This U S of A was built on the death and enslavement of those who already populated it, and the very people who caused and perpetuated this genocide have had their faces carved into a stolen land. They are celebrated for the success of outrageous agendas. We have a real-life example of how we justify the means so long as we enjoy the ends; We still until this very day celebrate the voyage of a man who did nothing but murder droves of people whose only crime was to show kindness to a bloodthirsty warmonger.

Let me sell you on Columbus Day, where the weekend never ends, there are no Miserable Mondays, and friendly all-inclusive neighborhood cook outs are hosted to mask the unpleasant underlying white guilt.

Batteries not included.

The Coworker Conundrum: The Foul Fight to the Finish

Having to work with others is perhaps the most aggravating part of being in the work force. The attitudes, lies, passive aggression, and ridiculous expectations can work, work, work, work, work your nerve to no end.

Here are some tips on how to defeat those snarky, pseudo-professional, jerk-off coworkers that are high off their own hubris.

Passive aggressive clap-back emails that won’t get you in trouble:

“As per my last email…”
“If you’d more closely examine your records…”
“Duly noted, however…”
“I’ve copied others on this email in order to clarify further…”
“In the future, I would be more comfortable if you…”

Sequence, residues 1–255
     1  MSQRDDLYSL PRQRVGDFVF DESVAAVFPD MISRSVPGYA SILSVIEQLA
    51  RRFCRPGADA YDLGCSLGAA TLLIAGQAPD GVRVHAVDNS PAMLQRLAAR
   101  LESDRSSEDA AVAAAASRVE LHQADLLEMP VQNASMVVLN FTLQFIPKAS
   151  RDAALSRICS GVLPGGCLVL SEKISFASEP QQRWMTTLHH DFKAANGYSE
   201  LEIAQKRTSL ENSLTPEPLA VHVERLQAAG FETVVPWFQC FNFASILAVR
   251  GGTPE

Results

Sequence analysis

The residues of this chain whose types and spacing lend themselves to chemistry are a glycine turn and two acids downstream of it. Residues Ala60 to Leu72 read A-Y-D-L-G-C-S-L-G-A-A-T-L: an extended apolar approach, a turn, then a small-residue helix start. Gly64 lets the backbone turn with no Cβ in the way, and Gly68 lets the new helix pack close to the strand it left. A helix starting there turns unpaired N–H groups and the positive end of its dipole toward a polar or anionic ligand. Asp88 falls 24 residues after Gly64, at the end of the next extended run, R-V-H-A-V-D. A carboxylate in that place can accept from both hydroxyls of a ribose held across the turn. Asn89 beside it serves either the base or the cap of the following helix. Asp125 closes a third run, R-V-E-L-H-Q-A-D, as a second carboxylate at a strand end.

When snitches get stitches, but haven’t fallen in double ditches:

“I feel that the reports to higher up faculty was an unnecessary detriment to a healthy work environment.”
“Our working relationship is being affected by your tendency to unnecessarily involve others.”
“Your actions are leading me to believe that you are unhappy with my work.”

When you’re being given ridiculous and condescending feedback:

Act stupid until they’re dizzy: “Can you explain that more?” “I’m hearing you, but I don’t understand.” “What does that mean?” “Why?” “Why?” “Why?” “I’m still not following.” “This isn’t clear.” “Why?” “Why?” “Why?”

When all else fails:

FUCK THIS SHIT. I QUIT.

The Perfect Perception of Pride

Pride is an interesting social construct. It is an idea based on perception, not fact. Entire personalities can be fundamentally hated because of misconstrued words and idiosyncrasies. We write people off as proud or egotistical only by interpreting what we see.

A little known truth is that, people’s actions do not always point to their true selves. Humans often display a smoke screen that creates an illusion that we are what we are not. Sometimes, it is easier to put on a facade of complete detachment and apathy simply because allowing reality to shine through can only expose our vulnerability.

“This is me.”
“You don’t like it, I don’t care.”
“I am who I am.”
“I will change for no one.”
“Get over it.”

These statements are thought to be nothing more than a verbal manifestation of a person’s high sense of their own grandiosity. However, they are not expressions of extreme hubris. More often than not, they are the words we hide behind to distract people from our floor-level self-esteem. When people are kept safely at arm’s length, the pain that intensifies when we’re alone in the dark is invisible.

Pride isn’t palpable. It isn’t easily discerned. It is often a cover for depression, anxiety, and low self-worth.

It is better to be awful than weak. It is better to be pompous than broken.

Be careful what you say, because your words are worse than sticks and stones. Broken bones heal. Broken hearts don’t. A simple sentence said can run races in someone’s mind until they fall apart completely.

And there’s no coming back from that.

Points of pride be damned.